After three weeks of crossing frozen terrain to reach the lake, and five days to dig a hole through its icy lid.
For this was no ordinary ice-fishing expedition:
Slawek Tulaczyk and his team had drilled through 800 meters of ice into Antarctica’s Lake Whillans.
The team’s efforts – battling through 14-hour shifts in some of the harshest conditions on Earth – are part of a massive endeavor to uncover the continent’s hidden secrets.
Explorers trudged across its white blanket in pursuit of world records, over a century ago,
but in the last few decades a different kind of explorer has started to dig directly through ice, that Jill Mikucki at the University of Tennessee in Knoxville known as a sub-ice water-world.
It is considered as a discovery of a totally new continent with lakes, rivers, volcanoes, even life:
Hardly the frozen wasteland of popular imagination.
The process started in 1957, when a ship carrying members of the third Soviet Antarctic expedition arrived at the East sledges and a tractor but no men.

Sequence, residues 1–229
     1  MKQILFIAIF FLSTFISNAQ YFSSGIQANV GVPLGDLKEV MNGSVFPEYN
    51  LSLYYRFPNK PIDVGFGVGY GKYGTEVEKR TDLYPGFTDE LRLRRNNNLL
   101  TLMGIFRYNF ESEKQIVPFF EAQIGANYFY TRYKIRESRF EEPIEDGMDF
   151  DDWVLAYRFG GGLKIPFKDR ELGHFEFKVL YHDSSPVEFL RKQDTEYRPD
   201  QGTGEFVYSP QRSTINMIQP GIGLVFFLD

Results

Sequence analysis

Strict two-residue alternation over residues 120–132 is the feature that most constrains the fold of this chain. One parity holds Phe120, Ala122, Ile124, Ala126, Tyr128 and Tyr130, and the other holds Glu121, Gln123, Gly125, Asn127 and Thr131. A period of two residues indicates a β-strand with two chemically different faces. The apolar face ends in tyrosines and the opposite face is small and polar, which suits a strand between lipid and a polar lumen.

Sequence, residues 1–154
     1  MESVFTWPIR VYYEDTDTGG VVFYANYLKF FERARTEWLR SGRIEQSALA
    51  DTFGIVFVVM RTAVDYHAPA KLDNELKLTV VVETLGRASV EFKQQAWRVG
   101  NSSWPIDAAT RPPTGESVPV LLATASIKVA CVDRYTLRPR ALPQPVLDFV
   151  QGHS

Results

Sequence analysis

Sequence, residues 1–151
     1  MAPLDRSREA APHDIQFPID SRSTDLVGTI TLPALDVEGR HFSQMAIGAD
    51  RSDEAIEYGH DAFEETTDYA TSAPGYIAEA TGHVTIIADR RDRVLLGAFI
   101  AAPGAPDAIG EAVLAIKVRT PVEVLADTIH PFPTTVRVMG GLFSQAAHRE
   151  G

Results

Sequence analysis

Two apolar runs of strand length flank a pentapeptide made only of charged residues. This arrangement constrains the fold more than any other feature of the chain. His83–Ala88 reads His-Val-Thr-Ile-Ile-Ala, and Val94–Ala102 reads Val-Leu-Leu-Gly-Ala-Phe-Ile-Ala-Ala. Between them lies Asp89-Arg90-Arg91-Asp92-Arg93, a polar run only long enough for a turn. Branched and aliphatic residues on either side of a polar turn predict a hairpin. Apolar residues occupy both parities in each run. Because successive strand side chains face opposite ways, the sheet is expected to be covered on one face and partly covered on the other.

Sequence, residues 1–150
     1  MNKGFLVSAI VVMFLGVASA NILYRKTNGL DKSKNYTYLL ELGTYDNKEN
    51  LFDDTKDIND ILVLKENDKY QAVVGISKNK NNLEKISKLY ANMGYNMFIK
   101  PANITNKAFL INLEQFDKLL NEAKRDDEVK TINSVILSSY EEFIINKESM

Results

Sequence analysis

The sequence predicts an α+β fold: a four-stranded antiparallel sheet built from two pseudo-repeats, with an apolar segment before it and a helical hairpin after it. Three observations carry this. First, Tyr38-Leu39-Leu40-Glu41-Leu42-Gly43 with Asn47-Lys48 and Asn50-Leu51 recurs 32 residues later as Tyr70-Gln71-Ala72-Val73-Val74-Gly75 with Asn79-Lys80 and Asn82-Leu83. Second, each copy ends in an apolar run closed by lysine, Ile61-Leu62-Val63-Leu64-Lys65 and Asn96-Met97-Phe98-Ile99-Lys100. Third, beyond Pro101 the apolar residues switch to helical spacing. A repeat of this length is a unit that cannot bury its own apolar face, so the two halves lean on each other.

Along regular intervals, they set off small explosives and recorded the echo of seismic waves as they travelled through the ice and bounced off whatever lay beneath. Close to the centre of East Antarctica, the explorers found a region made of thin ice.
Then they saw a mountain (see picture far below). Almost 3000 meters high, the Gamburtsev mountain range has an Alpine topography, replete with rugged peaks and hanging valleys, yet it is completely hidden from view.
ANTARCTICA’S GAMBURTSEV PROVINCE PROJECT
The thickness of the ice there is from few hundreds to 3.2 km.
Thanks to the immense pressure of the ice above and geothermal heat from below planes equipped with ice-penetrating radar revealed bodies of water locked between the ice and the bedrock: lakes hundreds, sometimes thousands of meters beneath, and still liquid These were the days before GPS and its Russian equivalent GLONASS, and pilots had to keep the Russian Vostok research station in their sights or risk getting lost over the vast, white, featureless expanse during the late 1960s and early 1970s